Public Law

So, we’ve covered what a challenge to Scottish Parliament referendum legislation would mean, and the ability of the UK Government’s Law Officers to bring one. But would anyone else – i.e. Joe McPublic – be able to do so?

Previous direct challenges to Scottish Parliament legislation were all brought by aggrieved individuals, associations or companies who raised petitions for judicial review: countryside campaigners challenging the fox-hunting ban in Adams v Scottish Ministers; insurance companies challenging asbestos-related measures in AXA and others v the Lord Advocate (in which we acted for the insurers); and Imperial Tobacco challenging the bans on tobacco displays and (via a subsidiary) cigarette vending machines. It’s therefore well-established that Acts of the Scottish Parliament can be directly challenged in the courts, though the success rate for such challenges has to date been… not great (well 0% isn’t great, is it?).

Traditionally, a petition for judicial review can be brought by anyone demonstrating a proper “title and interest” in the subject matter (known as “standing” in some jurisdictions). Given the subject-matter of a Referendum Act, that would probably include everyone who would be entitled to vote in the planned referendum. It might even include people who thought they should be allowed to vote but were excluded from doing so under the legislation (e.g. Scots living overseas or elsewhere in the UK, such as this determined young chap).

The category of people able to bring a challenge may in fact be wider still. The Supreme Court effectively decided in AXA that the concept of title and interest in Scottish judicial review cases was too narrow and should be revisited. That decision leaves the exact scope of standing somewhat up in the air, though it seems the question should now be whether the petitioner has “sufficient interest” in the subject matter of the case. That concept will have to be fleshed out in future cases, but it may be that political parties, pressure groups, charities or businesses would be entitled to challenge a Referendum Act if they were so minded.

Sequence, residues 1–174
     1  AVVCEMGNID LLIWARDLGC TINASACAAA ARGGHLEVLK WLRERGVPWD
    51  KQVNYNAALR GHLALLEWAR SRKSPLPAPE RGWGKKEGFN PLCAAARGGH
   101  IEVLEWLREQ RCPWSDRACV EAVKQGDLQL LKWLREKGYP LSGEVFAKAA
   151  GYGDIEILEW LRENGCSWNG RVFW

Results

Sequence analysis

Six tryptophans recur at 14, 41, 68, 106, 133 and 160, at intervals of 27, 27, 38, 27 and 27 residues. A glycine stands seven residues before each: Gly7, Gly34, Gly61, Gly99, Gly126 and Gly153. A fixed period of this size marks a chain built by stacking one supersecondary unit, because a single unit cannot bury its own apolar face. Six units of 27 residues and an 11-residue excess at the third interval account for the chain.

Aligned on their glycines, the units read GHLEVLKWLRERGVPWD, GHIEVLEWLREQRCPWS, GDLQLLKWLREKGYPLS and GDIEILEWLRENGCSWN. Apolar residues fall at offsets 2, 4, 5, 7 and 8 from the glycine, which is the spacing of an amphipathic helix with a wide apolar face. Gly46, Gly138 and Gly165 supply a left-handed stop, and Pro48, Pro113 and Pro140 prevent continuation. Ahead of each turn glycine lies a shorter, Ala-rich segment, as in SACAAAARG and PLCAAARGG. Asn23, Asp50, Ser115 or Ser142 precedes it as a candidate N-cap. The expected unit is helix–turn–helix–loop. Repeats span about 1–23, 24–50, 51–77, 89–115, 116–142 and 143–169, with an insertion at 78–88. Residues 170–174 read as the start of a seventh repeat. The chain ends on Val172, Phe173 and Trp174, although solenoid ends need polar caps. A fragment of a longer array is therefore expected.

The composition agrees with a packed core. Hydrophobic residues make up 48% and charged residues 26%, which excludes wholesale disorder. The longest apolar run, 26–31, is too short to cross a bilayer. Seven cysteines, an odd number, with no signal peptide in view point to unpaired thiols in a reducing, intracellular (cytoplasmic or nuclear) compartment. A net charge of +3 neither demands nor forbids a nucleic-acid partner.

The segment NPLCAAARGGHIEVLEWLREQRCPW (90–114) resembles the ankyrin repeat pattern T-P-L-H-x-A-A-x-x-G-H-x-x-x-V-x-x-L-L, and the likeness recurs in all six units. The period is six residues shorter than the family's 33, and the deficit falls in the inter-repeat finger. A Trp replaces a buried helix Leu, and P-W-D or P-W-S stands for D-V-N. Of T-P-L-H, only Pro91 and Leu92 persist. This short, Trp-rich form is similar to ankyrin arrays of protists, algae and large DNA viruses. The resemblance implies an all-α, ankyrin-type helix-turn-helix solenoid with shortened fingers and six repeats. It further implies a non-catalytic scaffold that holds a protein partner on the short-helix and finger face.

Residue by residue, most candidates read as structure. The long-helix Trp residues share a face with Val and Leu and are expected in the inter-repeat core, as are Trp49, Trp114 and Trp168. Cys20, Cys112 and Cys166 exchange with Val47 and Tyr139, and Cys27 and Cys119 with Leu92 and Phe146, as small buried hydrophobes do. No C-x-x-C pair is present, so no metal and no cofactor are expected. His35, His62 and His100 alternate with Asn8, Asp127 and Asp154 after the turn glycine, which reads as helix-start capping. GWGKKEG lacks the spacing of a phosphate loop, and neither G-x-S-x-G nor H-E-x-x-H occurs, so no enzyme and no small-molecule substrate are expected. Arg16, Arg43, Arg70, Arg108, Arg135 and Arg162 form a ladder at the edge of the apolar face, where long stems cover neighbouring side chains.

That’s why I suggested in my last post that the UK Law Officers might decline to refer a Bill to the Supreme Court prior to Royal Assent, as that would turn the legal challenge into a direct confrontation between the UK and Scottish Governments. The UK Government might therefore prefer to let a Bill receive Royal Assent and then wait for other parties to raise a challenge. No doubt at least one of the Law Officers would then intervene to ensure all the relevant issues were raised and given appropriate attention, but such a challenge could not be portrayed as entirely Government-driven and so might be politically preferable. (If no independent challenge was forthcoming the Law Officers should still be able to do it themselves.)

The down-side of that approach would be that a petition for judicial review would appear first of all in the Outer House of the Court of Session. Schedule 6 of the Scotland Act allows a “devolution issue” raised there to be referred to the Inner House, but prohibits the Inner House from then referring it to the Supreme Court even if it would inevitably be appealed there regardless of the outcome. A pre-Royal-Assent referral by a Law Officer would therefore have the advantage of going directly to the Supreme Court (insert your own Monopoly joke here), without the delay and additional work involved in having the question first decided by one or more lower courts.

The next and final point: who would defend a challenge to a Referendum Bill / Act?

Charles Livingstone

Partner at Brodies LLP
Charles works with a broad range of commercial, public sector, charitable and individual clients, advising them on public law issues including judicial review, human rights, information law and the powers and duties of local and other public authorities. He is named by Chambers & Partners in both Competition Law and Administrative & Public Law.
Charles Livingstone

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